Manuel Veth –
Three digit shirt numbers is one of the most glaring examples that sets the Liga MX apart from the big European leagues in Europe and South America. Even in the ever-changing rule landscape of Major League Soccer, three digit shirt numbers have not been dreamed up yet.
Liga MX, however, is different, and we at the Futbolgrad Network very much mean this in a good way. No other league on the continent combines glitz, drama, and weirdness to a melange of football goodness like the Liga MX.
One example was the two legged Liga MX Apertura final between Monterrey- based Tigres UANL, and América from Mexico City. By the way, have we mentioned yet that Liga MX crowns two champions a season? Because they do, and they do it by playing a full playoff stage at the end of the half season and, to top it off, the final was played on December 22, and, wait for it, on December 25!
The recent Apertura final was a great example of how Liga MX is different
Anyhow, we digress. The final between the most powerful clubs in Mexican football produced all the drama that you would expect from Mexican football.
Following a 1-1 draw in the first leg at Azteca Stadium in Mexico City, the stage was set for a great final at Tigres’ Estadio Universitario. Those who have not seen the final yet should head to YouTube and watch it—the game had everything.
Overall, five players were sent off, four of them in extra time. Both sides were actually down to ten men early on, and it was América, who appeared to have the early advantage after they made it 1-0 when Edson Álverez, who wears number 282, beat Tigres keeper Nahuel Guzmán. But then, four more players were sent off, and three of them were Club América players.
Tigres made the most of the advantage, and tied the game after Jürgen Damm delivered a wonderful cross that was headed home by Jesús Dueñas. Tigres then went on to win the championship in the penalty shootout.
Why were there players with three digit shirt numbers on the pitch?
It was a great final, but many first-time Liga MX viewers were left with a major question mark. Why was there a player with a three digit shirt number on the field?
The explanation is actually quite simple. Liga MX forces all players, who play at the club, to be given a permanent number. This includes players from the second team, the U-20, U-17, U-15, and U-13 sides, which all play simultaneous championships. For example, if your number one goalkeeper choses the number 1, no one else at the club is allowed to use that number.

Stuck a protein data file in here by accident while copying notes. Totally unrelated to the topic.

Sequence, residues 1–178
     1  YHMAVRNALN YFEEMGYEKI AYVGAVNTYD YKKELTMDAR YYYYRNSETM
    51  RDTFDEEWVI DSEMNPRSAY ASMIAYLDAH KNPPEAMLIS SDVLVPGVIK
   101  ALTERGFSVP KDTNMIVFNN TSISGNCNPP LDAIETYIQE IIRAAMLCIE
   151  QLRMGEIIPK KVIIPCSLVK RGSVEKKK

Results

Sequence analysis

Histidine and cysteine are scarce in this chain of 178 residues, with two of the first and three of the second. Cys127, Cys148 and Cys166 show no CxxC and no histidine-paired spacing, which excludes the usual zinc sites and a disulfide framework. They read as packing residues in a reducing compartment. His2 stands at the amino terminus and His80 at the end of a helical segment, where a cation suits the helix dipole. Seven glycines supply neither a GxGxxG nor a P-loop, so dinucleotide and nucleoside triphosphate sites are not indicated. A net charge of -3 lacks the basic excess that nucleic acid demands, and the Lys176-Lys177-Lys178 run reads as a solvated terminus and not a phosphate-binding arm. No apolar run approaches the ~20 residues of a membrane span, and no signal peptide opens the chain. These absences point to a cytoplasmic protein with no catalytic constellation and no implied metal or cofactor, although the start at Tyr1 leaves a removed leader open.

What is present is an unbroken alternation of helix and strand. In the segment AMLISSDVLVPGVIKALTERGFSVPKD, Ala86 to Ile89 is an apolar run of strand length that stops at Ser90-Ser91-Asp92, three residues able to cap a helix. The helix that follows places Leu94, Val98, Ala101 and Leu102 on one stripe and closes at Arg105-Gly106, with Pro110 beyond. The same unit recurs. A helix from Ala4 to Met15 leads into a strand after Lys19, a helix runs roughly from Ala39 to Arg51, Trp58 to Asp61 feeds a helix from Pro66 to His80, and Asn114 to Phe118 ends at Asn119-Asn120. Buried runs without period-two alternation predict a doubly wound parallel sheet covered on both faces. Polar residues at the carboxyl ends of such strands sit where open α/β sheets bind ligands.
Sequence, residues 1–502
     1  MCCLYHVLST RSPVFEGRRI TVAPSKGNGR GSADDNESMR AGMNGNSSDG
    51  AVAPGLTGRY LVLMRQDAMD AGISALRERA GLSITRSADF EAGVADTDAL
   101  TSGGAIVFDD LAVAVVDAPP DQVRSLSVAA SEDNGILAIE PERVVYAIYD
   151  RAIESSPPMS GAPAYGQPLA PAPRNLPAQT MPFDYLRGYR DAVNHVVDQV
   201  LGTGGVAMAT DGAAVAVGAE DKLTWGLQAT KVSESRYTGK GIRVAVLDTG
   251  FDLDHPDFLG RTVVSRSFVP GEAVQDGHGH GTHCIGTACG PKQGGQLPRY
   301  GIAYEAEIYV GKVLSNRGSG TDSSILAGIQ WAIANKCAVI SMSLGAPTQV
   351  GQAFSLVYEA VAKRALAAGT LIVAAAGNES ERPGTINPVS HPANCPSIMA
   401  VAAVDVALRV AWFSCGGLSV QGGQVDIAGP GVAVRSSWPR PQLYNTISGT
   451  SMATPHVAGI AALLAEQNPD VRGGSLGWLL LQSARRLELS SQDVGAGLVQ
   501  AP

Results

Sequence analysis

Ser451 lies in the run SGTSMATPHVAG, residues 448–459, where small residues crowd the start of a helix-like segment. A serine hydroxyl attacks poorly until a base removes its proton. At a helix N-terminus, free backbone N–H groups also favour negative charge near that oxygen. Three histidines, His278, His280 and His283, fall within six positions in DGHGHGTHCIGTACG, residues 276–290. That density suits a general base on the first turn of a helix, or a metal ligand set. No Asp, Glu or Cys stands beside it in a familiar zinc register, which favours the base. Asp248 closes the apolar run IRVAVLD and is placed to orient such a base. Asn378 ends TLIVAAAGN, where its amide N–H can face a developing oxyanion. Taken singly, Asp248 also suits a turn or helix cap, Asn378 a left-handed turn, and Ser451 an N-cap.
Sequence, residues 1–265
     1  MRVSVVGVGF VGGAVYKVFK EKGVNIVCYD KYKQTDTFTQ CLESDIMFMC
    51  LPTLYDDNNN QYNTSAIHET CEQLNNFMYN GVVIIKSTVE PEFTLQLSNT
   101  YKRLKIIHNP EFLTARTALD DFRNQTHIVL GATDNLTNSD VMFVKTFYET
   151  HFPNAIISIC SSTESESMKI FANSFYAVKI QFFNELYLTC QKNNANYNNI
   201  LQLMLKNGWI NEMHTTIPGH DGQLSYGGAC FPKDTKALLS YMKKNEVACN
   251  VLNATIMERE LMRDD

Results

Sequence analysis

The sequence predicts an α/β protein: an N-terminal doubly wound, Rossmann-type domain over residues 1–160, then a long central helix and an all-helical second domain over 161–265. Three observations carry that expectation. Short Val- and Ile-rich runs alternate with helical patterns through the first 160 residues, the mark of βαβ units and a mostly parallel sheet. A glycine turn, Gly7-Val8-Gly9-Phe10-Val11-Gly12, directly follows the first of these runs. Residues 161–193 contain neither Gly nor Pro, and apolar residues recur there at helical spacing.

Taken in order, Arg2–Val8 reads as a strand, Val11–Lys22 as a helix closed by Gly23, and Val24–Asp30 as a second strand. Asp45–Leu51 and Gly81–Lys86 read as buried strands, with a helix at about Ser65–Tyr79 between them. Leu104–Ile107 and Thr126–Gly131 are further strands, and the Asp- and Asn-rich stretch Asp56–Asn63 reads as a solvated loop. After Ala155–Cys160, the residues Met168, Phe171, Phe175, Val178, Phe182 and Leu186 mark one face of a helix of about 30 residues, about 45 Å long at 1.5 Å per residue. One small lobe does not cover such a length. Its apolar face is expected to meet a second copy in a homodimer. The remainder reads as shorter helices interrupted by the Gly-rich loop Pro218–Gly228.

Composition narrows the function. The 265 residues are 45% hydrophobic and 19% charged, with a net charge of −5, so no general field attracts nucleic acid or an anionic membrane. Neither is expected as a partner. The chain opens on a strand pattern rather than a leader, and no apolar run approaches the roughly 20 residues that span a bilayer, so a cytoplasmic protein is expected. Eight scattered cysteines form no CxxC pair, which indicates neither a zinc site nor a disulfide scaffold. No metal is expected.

Usually, to differentiate between the different teams, players from the second squad will have a three digit shirt number starting with the number two. The younger the player, therefore, the higher his shirt number will be.
The idea is that when a player moves up from the second team, or any youth team, to the first team he retains the same number he played with in the youth setup. The thought is that this streamlines the registration process, and that it increases player identification.
With every team having to register at least 23 players it becomes apparent why three digit shirt numbers become necessary. Álvarez is a perfect example of this.
The 19-year-old defender first debuted on October 29, 2016 against Santos Laguna, and has since become an important member of the club’s first team. Thanks to his three digit shirt number, he is easily to identify on the pitch.
The most recent three digit shirt man in the Liga MX
We have taken a closer look at the Liga MX Clausura stage, and have collected the names of players, who are currently wearing a three digit shirt number.
282 – Edson Álvarez
289 – Diego Barbosa
286 – Jorge Sánchez
290 – Gerardo Arteaga
281 – Carlos Acevedo
311 – Francisco Figueroa
301 – Omar Islas
We have found seven players who were used on matchday 4 of the Liga MX Clausura. Keep in mind that young players could be promoted at any time, and that there could be further players with three digit shirt numbers appearing in Liga MX this season.
Manuel Veth is a freelance journalist, and podcaster for WorldFootballIndex.com. He is also a holder of a Doctorate of Philosophy in History from King’s College London, and his thesis is titled: “Selling the People’s Game: Football’s transition from Communism to Capitalism in the Soviet Union and its Successor States”, which will be available in print soon. Originally from Munich, Manuel has lived in Amsterdam, Kyiv, Moscow, Tbilisi, London, and currently is located in Victoria BC, Canada. Follow Manuel on Twitter @homosovieticus.